Volume 21

An Unqualified Defense of Qualified Immunity

by Elliott Averett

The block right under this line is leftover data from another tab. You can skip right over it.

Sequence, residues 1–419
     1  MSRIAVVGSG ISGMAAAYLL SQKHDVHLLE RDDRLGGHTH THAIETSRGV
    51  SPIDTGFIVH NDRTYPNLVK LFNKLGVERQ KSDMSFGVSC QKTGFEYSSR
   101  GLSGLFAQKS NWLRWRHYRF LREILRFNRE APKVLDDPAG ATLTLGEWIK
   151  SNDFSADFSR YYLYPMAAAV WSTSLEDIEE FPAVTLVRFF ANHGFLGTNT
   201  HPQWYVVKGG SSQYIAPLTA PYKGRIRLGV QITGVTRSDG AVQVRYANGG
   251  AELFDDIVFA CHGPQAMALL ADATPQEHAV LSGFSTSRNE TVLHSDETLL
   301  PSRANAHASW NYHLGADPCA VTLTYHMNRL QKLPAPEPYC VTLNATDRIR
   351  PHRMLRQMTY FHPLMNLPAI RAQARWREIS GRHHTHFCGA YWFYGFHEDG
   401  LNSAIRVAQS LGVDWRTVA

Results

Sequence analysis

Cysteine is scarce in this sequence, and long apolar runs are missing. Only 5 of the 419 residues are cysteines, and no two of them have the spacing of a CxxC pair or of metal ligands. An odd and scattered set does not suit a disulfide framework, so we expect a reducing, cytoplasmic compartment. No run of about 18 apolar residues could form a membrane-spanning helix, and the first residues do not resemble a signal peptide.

This Note argues that, rather than being eliminated, qualified immunity should be strengthened in the face of a nationwide increase in violent crime and collapsing police staffing. This paper first examines efforts to repeal qualified immunity in Congress as well as recently enacted statutes designed to circumvent it in New Mexico, Colorado, and New York City. It then responds to two common critiques of qualified immunity. Qualified immunity is much weaker than is commonly believed, as fewer than four percent of civil rights lawsuits are dismissed on qualified immunity grounds, and textualist critiques about qualified immunity are inherently selective. The paper then explains why eliminating qualified immunity is unjust: it leaves police officers liable even in cases where a damages award does nothing to deter misconduct and imposes legal costs on defendants which frequently exceed any damages. Finally, this paper addresses the policy rationale for qualified immunity by examining previously unpublished law enforcement employment data from Colorado, where qualified immunity was circumvented in June 2020. This evidence suggests that ending qualified immunity will contribute to rising crime as officers pull back from pro-active policing or leave the profession. The paper concludes by endorsing a ver-sion of the good faith test for qualified immunity which could prevent it from becoming a total nullity. 


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